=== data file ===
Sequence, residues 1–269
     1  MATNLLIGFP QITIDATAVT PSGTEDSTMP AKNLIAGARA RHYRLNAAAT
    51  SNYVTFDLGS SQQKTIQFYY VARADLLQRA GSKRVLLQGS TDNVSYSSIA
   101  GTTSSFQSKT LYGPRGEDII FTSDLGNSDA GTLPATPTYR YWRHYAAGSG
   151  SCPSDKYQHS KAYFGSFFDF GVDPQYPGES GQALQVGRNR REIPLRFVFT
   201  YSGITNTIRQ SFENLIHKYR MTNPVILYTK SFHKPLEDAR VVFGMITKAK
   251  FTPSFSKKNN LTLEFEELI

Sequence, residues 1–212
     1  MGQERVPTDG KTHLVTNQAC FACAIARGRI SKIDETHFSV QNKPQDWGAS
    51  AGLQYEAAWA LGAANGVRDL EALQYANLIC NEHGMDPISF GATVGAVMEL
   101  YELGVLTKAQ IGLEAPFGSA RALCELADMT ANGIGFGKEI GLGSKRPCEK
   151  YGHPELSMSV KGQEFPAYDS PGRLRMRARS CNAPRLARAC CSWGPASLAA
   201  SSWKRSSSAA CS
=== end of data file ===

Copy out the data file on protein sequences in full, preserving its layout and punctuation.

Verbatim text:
Sequence, residues 1–269
     1  MATNLLIGFP QITIDATAVT PSGTEDSTMP AKNLIAGARA RHYRLNAAAT
    51  SNYVTFDLGS SQQKTIQFYY VARADLLQRA GSKRVLLQGS TDNVSYSSIA
   101  GTTSSFQSKT LYGPRGEDII FTSDLGNSDA GTLPATPTYR YWRHYAAGSG
   151  SCPSDKYQHS KAYFGSFFDF GVDPQYPGES GQALQVGRNR REIPLRFVFT
   201  YSGITNTIRQ SFENLIHKYR MTNPVILYTK SFHKPLEDAR VVFGMITKAK
   251  FTPSFSKKNN LTLEFEELI

Sequence, residues 1–212
     1  MGQERVPTDG KTHLVTNQAC FACAIARGRI SKIDETHFSV QNKPQDWGAS
    51  AGLQYEAAWA LGAANGVRDL EALQYANLIC NEHGMDPISF GATVGAVMEL
   101  YELGVLTKAQ IGLEAPFGSA RALCELADMT ANGIGFGKEI GLGSKRPCEK
   151  YGHPELSMSV KGQEFPAYDS PGRLRMRARS CNAPRLARAC CSWGPASLAA
   201  SSWKRSSSAA CS